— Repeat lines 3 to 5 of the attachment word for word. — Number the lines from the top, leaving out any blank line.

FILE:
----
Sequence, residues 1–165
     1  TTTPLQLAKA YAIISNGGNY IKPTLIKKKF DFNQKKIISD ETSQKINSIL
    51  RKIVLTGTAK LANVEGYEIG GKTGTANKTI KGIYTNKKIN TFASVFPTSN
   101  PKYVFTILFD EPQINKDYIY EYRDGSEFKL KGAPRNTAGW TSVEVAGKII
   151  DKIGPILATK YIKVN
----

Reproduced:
    51  RKIVLTGTAK LANVEGYEIG GKTGTANKTI KGIYTNKKIN TFASVFPTSN
   101  PKYVFTILFD EPQINKDYIY EYRDGSEFKL KGAPRNTAGW TSVEVAGKII
   151  DKIGPILATK YIKVN